waiting for the rest of the story to unfold

So one of the many things I have been doing of late, particularly on the weekends, instead of blogging, is working my way through the entire series of Christy on DVD. I found it a few weeks ago for a good price, and I remembered loving it when it first came out years ago. It was a good purchase, and a good use of time, I think - I've been so inspired by the stories of these episodes, based on the book by Catherine Marshall. (and for those of you who have not seen the series yet and want to - this sentence is your official spoiler alert.) :)

I watched the last episode today, and I have to say I am really annoyed right now. They ended the series without telling you who she ends up with! How can they DO that?!?! It's so unfair. You know she should marry the preacher - she should - but you want her to marry the atheist doctor, in spite of the fact that he's still married to someone else - who is dying, incidentally. The ethics of the situation are terrible, but you still find yourself hoping that it will all work out somehow... but the series ends with Christy holding the preacher's ring and looking back and forth between the two men, and her voiceover saying something about how the choice she was about to make would change her life, and the lives of those she loved, forever. No kidding.... but what did you DO, Christy?!?!


What is it in us that needs to know the ending of the story? And why are we so impatient with the not knowing? As you've probably guessed, that question is about far more than a mere television series. I can go look at end of the book to find out who she married in the long run. But what about life? What about all the zillions of questions we have about how it will all turn out?

I don't have any answers to those questions. I do have a Book, and it says that it all ends well... for those who are in Christ. So I am confident of that. But what about all the chapters between now and then? I want to know what happens, dang it!

Sorry. This is a bit of a rant. Brought on by a long day of dusty cleaning and mental to-do lists, and an antsy restlessness that sets in periodically. I think I'll go take a walk. Hopefully it'll clear my head. If nothing else, it will quiet my soul, to wander with Him for awhile.

encountering Judas

It was the last thing I expected when I curled up in bed with a cup of tea and a good book, for my monthly "morning with Jesus." I call them Geneva days (because my first few were at a camp by that name), and I love them. They are mornings I set aside (actually written in on the calendar) to meet with the Lord with no agenda of my own. Sometimes that's hard - there are things I want to talk about, and oftentimes I find myself discussing those with Him anyway - but I do my best to let Him set the agenda for the day. Last Saturday I pulled out Having A Mary Heart in A Martha World, and finally (9 months later) finished it - it seemed like the thing to do that morning, and Joanna Weaver's discussion of one of the Mary stories hit me in a way I hadn't expected.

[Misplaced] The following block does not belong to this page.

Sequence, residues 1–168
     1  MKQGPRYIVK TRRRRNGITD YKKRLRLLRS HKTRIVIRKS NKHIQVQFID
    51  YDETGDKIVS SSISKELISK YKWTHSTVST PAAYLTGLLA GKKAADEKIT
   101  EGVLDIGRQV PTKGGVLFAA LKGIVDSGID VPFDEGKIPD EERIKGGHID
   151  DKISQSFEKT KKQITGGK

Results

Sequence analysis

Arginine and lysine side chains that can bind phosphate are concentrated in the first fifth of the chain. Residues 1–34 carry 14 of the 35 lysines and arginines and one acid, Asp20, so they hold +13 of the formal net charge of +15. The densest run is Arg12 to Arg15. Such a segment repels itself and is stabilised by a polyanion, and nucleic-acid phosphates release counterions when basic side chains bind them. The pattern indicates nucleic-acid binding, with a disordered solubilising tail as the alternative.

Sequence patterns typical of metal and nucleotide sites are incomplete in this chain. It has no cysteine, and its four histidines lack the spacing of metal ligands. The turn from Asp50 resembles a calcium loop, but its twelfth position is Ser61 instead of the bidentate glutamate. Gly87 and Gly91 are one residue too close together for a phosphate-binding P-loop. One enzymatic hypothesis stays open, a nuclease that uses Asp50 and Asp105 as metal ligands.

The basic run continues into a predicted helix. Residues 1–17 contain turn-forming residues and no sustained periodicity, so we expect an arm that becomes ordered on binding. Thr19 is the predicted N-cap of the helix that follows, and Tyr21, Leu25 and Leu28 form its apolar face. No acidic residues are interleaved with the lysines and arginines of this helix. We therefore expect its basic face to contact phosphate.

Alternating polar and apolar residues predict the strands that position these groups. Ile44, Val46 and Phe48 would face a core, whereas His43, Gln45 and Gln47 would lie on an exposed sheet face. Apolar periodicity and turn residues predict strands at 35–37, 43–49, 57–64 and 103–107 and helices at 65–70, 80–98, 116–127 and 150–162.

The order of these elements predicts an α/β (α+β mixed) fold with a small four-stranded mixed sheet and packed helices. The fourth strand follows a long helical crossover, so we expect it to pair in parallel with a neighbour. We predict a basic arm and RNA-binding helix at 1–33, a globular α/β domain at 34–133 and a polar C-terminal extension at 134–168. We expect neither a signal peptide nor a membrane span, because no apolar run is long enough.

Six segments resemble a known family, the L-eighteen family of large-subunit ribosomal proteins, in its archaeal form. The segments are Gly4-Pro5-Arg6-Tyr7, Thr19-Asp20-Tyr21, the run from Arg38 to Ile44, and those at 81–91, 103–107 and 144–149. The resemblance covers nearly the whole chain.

Mary, shortly before Jesus was crucified, came to him with one of the most valuable things she had - an alabaster jar of pure nard - and poured it over his feet, which she then wiped with her hair. It was an act of pure devotion and worship - and it drove Judas crazy. That perfume was worth more than a year's wages, and it seemed like such a waste to him, to "throw away" something so valuable in such a ridiculous fashion. He claimed it could have been sold and the money used to feed the poor. I won't question his motivation. But he had an agenda, and a world-view so contrary to Mary's - that he couldn't even begin to understand what would possess her to do such a thing.

You know, if you'd asked me before which character in the story I most identified with, I might have said Mary. Extravagant worship of that sort is something I want to offer the Lord. But as Weaver drew the contrasts between the heart attitudes of Judas and Mary, I began to notice something a little disturbing - I have, at times, as much potential to go his way as I do hers.


God, forbid that I should ever get so caught up in my own ideas about how things are supposed to go that I miss Your plan entirely. Lord, have mercy. Christ, have mercy. Lord, have mercy. Amen.

the three things meme

Cathy tagged me in a meme a few days ago (summer must be over if we all have time for this sort of thing again...lol) and I am finally getting to it. It's been a week of beautiful end-of-the-summer weather and I've been out walking or on a lake most evenings, and ...well, I don't know what happened to the rest of the week, but there's a floor that needs mopping, so here I am, meme-ing. :)

3 Joys:
long walks with a good friend
Reeses' Peanut Butter cups
hiking in the Michigan woods in the fall

3 Fears:

3 Goals:
to someday get a Masters degree in something